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Help in connecting 3COM and Cisco switches

Posted on 2008-06-19
Medium Priority
Last Modified: 2012-06-21
We have a small network here at a plant. In the office there is a Catalyst 3750 switch and that in turn is connected to a 3COM 2426 Baseline Switch (3C16491) out in the plant. There are 3 other 3COM switches in the plant connected to the "main" 3COM switch that connects back to the office.

We are getting some poor performance on this network. There are also 3COM 3102 IP Phones (3C10402B) that everyone has in the company. Ping times from my machine in the office to the 3COM "main" switch range from 5ms to 700ms. Physically the switch is about 100ft from me so the ping time shouldn't be that high. The ping times will be low for a few seconds and then spike for a few seconds and just keep repeating this pattern. I did not setup this network, so I'm just now starting to take a look at what is really going on. There are only around 50 pc's total and same with the IP phones, so this network should really be moving fast.

My question is the following:

1. In the plant with the 4 3COM devices (3 are in different parts of the plant and connect back to the one "main" 3COM switch that connects via fiber back to the office), what should the ports be set to? Should I have link aggregation turned on the "main" switch in the port that each connects to?

2. Should I turn on link aggregation for the fiber port on the "main" plant 3COM switch back to the Cisco 3750 in the office? And what should be my port settings on the port of the 3750 that connects back to the 3COM?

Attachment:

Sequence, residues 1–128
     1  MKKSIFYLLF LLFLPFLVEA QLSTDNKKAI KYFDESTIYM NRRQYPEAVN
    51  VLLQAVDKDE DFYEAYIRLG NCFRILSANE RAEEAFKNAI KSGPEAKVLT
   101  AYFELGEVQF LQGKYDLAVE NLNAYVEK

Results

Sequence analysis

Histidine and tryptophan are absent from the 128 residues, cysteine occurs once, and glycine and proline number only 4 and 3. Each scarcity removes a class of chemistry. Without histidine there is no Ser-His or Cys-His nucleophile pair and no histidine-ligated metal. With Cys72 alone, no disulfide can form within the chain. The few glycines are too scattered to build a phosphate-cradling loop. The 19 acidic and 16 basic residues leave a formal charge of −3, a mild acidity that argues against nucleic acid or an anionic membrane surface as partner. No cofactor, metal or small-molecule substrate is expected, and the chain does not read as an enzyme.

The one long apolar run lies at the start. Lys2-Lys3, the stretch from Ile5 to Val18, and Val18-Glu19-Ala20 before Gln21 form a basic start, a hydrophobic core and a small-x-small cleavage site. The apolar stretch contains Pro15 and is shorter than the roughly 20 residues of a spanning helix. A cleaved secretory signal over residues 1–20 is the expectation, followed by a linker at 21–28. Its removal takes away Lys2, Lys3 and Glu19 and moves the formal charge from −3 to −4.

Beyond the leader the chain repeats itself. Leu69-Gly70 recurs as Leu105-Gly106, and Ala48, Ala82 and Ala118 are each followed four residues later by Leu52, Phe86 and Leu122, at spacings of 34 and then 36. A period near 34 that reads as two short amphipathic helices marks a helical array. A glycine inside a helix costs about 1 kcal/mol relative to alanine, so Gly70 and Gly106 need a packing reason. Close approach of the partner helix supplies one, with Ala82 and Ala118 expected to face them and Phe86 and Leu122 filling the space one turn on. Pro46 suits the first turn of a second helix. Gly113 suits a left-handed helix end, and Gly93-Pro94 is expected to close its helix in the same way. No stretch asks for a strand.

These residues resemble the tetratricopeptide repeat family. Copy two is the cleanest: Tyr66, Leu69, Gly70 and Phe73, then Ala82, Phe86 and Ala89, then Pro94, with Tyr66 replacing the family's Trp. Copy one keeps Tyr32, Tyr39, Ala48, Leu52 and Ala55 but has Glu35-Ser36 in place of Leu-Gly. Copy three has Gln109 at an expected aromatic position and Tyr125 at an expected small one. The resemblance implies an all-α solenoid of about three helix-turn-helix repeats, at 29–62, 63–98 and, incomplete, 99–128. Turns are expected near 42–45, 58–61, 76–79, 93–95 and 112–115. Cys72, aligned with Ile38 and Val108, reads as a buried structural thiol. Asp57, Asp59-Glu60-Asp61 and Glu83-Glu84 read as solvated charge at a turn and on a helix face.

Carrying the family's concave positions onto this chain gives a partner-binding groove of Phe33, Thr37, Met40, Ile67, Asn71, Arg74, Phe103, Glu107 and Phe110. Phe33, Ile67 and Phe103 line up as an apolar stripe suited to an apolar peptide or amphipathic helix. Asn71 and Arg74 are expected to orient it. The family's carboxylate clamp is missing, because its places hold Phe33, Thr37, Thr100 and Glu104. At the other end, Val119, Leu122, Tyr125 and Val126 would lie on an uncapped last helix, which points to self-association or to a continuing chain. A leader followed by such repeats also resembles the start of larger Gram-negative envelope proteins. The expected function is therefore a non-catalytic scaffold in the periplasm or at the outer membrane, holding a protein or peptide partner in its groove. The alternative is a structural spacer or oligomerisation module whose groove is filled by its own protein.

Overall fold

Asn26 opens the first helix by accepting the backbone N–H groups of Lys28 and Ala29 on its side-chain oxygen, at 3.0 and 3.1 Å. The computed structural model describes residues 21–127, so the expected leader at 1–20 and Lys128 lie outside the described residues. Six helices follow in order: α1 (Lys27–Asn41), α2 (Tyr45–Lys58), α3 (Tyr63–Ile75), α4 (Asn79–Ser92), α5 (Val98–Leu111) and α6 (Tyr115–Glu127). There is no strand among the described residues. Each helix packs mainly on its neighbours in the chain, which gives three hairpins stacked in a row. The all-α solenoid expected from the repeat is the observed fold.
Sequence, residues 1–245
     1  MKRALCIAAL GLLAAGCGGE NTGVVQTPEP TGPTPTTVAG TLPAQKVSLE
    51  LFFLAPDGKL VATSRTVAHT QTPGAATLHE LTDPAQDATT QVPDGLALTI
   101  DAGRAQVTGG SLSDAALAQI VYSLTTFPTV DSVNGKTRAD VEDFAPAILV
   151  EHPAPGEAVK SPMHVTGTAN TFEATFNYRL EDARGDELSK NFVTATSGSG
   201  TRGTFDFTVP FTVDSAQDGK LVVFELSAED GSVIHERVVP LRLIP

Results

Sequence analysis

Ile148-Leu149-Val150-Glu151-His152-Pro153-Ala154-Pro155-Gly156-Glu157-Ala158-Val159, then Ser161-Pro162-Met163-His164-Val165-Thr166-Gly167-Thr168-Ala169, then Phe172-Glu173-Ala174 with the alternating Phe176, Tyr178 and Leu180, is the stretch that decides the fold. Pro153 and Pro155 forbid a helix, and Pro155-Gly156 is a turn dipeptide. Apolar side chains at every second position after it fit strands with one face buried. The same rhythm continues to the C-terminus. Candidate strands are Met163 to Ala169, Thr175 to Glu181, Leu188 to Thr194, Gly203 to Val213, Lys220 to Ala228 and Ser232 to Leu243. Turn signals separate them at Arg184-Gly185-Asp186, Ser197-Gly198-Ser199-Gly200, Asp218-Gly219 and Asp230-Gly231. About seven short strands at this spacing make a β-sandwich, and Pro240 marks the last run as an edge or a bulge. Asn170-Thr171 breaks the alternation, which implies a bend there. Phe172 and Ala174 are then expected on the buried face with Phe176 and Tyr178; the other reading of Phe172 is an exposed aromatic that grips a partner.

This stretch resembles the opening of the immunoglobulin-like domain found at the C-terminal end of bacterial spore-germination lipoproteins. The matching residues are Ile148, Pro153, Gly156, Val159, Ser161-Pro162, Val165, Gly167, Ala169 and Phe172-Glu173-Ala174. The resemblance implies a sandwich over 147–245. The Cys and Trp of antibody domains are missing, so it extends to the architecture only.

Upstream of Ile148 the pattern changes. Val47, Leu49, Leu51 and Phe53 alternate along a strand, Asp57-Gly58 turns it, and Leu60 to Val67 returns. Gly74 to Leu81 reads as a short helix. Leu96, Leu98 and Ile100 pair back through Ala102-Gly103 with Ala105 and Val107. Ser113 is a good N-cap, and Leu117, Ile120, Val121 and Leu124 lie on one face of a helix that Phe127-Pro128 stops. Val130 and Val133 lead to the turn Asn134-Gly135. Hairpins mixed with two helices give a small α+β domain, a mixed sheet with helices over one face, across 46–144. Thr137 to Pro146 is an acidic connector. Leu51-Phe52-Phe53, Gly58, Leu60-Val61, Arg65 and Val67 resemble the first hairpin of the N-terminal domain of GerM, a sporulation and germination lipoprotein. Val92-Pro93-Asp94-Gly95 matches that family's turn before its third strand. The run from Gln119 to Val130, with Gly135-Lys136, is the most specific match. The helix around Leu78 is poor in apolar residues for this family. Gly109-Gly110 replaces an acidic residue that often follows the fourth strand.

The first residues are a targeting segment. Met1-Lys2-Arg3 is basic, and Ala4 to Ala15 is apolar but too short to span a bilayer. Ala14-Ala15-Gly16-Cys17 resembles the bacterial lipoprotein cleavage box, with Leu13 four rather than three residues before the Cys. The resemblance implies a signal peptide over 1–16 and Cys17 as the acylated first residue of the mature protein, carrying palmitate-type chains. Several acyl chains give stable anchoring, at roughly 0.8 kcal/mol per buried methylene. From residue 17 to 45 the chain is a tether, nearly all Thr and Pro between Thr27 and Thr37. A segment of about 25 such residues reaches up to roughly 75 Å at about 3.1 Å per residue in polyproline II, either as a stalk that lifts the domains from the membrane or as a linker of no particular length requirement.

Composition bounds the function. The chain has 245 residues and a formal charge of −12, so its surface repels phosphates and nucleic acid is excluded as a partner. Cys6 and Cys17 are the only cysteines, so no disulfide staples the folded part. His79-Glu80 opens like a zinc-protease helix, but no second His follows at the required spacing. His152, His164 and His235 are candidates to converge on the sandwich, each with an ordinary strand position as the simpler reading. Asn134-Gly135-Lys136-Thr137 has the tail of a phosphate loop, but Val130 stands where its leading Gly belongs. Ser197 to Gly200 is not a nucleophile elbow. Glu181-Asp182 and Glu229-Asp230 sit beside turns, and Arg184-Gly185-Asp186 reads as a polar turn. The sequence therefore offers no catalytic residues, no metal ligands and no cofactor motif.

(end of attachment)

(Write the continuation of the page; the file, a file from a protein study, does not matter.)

From reading the manuals of each switch, I cannot explicitly set the speed and duplex. The 3COM is hardcoded to be 1000/auto (it negotiates to 1000/full) and the 3750 is coded to auto/auto (it negotiates to 1000/full). There is no spanning tree or switchport configured on the 3750.

I'm kind of at a loss as to what could be causing the ping times to just cycle like that and then to hear from people in the plant that things are just terribly slow all the time. Like I said, I'm new here and trying to see what's up with this network. The equipment here seems to be good and with the amount of users they have, it should be a fast network in my opinion.

Thanks for your help!
Question by:kruskovac
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LVL 11

Expert Comment

ID: 21827954
I would first do a little packet sniffing just to see what is causing the high latency on the network. Half the time it's usually someone's pc infected with a virus/spyware. A decent protocol analyzer to use would be Wireshark:
 You'll need a dumb 'hub' (not a switch) or set a free port on the Cisco to 'mirror'. In a switched environment you will not see all the packets unless they are multi/broadcast or destined for that MAC address of the pc you are using to sniff with. The best place to start would be to put a non-switching hub before the internet gateway router if you have one.

Author Comment

ID: 21830996
I've setup a SPAN port on the Cisco 3750 (port 15) to capture the information from the port that goes out to the plant (port 25). How do I setup Wireshark to now just look at port 15 on the Cisco 3750 from my machine?
LVL 11

Expert Comment

ID: 21831765
 Plug a pc running wireshark into your span port (15). If you've never used it before, you might google some faqs and forums about it and just play around with it. The FAQ on wireshark.org is a good place to start.
   After you get the hang of wireshark, I would just look for a large amount of traffic to/from any particular pc's on your network; especially a large amount of traffic from any pc out to your internet gateway. Isolate any suspect machines and see if the network is any better. If so, scan and put those machines back on-line one at a time, checking network performance as you go. You could also have a bad nic somewhere flooding the switches.